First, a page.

David Wachs was working for a venture capital firm back in 2004-2005 when he got fired by his boss for allegedly losing some stocks. Not having any money left, David moved back to his home in Arizona and started his first company, SellIt, which quickly became a huge success. It was initially a struggle to launch the company at first, but David got over the hump
Jan-Benedict Steenkamp was doing very well in the academe when he hit a hump in his life. He was regularly writing many academic publications but became dispirited and demotivated when he was not able to see how his publications could move the needle in someone else’s life. Through reinventing himself, JB started writing business books where leaders and managers could read what he wrote and make a positive impact in their lives. Despite facing opposition from others around him, JB continues to do what he loves and make a positive impact to those around him.
Nate Regier was trying to sell to a particular CEO who kept poking holes in everything he was saying. Nate was trying to backpedal and explain but things just kept getting worse and worse. Finally, the CEO pushes Nate to the point where Nate decides not to compromise any further because it would no longer make him feel any integrity in the work that he provides. After seemingly being kicked out from the office, Nate was surprised when the CEO called him and says he’s hired. The CEO appreciated his conviction to stand up for what he truly believed in. From that experience, Nate learned that if he wants to be a top leader, he needs to be able to go toe to toe with the worst and to have the backbone to never compromise with his beliefs.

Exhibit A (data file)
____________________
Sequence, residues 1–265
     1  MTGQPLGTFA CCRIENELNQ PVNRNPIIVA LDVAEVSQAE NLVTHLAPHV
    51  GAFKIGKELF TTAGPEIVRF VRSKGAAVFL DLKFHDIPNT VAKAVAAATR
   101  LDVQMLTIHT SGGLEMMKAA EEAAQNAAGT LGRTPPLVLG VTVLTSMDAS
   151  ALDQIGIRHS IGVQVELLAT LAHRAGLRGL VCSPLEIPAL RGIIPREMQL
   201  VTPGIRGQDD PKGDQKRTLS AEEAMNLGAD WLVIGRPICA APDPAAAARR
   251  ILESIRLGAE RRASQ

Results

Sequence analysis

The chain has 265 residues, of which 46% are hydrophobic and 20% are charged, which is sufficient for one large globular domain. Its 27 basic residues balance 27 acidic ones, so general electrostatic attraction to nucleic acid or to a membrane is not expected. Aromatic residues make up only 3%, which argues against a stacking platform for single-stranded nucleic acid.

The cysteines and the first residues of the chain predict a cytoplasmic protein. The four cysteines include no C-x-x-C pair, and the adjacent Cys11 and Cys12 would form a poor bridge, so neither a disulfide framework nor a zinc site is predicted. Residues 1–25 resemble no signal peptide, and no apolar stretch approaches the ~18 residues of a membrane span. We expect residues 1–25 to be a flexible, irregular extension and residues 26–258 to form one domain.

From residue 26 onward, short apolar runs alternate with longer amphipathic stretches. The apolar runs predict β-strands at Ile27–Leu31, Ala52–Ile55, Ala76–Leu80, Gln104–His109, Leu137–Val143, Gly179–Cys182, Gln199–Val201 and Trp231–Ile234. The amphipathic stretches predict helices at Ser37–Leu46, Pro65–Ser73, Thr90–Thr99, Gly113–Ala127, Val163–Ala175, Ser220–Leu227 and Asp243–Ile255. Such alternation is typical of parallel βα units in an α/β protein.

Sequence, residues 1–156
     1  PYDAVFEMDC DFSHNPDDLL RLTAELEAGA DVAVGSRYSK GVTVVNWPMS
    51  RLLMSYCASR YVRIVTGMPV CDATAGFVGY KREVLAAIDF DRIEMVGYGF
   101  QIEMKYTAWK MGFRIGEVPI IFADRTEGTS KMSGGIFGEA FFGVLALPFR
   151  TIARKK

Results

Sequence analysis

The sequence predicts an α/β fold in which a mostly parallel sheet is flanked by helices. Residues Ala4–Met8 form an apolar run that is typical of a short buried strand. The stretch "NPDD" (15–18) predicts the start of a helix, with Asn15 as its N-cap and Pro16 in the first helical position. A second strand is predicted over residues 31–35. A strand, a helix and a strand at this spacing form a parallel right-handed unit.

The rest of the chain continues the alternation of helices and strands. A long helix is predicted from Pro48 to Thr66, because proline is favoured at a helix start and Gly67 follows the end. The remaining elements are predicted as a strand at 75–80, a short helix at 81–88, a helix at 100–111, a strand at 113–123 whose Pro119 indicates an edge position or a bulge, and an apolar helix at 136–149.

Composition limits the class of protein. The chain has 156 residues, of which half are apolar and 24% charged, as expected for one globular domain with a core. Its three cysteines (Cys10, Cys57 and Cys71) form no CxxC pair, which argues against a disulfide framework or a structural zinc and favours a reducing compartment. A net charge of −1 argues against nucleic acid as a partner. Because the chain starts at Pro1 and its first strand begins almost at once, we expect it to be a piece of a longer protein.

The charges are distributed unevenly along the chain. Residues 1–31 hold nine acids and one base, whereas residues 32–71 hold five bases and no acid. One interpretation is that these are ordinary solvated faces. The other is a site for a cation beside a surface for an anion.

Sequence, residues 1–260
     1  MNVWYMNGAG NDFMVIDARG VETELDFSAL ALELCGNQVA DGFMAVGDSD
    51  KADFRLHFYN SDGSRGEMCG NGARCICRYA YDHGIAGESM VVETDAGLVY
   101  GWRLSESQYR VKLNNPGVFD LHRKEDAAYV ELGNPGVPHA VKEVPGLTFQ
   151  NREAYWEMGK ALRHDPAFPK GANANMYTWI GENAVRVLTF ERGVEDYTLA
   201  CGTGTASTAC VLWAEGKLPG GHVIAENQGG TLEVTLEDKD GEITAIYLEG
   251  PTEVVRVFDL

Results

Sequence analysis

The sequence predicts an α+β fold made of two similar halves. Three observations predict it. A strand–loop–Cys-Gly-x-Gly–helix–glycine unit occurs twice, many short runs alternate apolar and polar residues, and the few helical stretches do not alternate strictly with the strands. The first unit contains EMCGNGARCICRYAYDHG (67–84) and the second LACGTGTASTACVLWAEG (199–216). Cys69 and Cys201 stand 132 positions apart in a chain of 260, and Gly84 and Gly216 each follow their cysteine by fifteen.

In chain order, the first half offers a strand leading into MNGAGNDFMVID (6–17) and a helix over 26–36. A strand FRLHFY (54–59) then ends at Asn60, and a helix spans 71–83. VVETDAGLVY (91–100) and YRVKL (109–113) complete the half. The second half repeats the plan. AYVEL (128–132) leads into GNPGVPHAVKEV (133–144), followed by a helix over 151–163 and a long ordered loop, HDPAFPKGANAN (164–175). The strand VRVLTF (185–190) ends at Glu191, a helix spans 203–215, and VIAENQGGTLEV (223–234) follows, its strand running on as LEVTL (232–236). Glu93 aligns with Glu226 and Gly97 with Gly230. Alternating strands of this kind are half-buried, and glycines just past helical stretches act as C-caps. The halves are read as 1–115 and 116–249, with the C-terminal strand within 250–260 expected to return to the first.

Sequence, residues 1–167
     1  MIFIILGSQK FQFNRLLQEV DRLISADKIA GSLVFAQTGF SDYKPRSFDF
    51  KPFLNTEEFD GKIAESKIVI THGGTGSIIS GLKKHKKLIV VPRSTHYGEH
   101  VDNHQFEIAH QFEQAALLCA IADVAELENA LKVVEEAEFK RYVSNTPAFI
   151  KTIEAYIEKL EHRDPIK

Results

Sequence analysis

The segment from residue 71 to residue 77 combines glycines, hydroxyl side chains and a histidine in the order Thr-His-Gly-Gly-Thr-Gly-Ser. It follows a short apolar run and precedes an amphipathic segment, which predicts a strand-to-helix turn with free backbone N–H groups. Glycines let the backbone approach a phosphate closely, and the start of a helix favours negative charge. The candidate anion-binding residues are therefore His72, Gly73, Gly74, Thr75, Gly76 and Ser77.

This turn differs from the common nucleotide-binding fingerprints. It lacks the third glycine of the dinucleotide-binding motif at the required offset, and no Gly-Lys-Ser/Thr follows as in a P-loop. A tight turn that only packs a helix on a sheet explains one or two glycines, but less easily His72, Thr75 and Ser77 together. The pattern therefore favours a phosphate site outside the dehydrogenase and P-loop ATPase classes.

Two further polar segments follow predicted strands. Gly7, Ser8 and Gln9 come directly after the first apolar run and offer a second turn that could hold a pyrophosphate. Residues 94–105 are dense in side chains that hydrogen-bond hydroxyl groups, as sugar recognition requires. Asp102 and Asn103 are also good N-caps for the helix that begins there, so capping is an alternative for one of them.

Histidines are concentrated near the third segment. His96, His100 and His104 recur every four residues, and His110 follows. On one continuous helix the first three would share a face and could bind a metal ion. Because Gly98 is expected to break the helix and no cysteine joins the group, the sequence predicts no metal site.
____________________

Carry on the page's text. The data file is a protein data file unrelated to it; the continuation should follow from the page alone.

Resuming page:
After the IBM Watson team won the Jeopardy challenge, Neil Sahota was fighting for the ecosystem model to try to open up the platform. A lot of the people was trying to engage the tech people, but Neil was trying to target the businesspeople. According to Neil, the businesspeople understood the problems more, they were on the ground, and if they were trying to build solutions, they were the people that need to be at the table with the technologists. Neil initially lost that fight, but he never gave up.
Neil convinced them that if they had five of the best technologists in the world then they would be thinking about self-driving cars and missions to Mars, but if they had five of the best doctors in the world then they would be thinking about curing cancer. What if they were to put them together?
During that epiphany moment, people realized the amazing impact that technology can bring across every sector if they were to join together business and technology. This amalgam between business and technology became one of Neil’s biggest humps that he was able to overcome.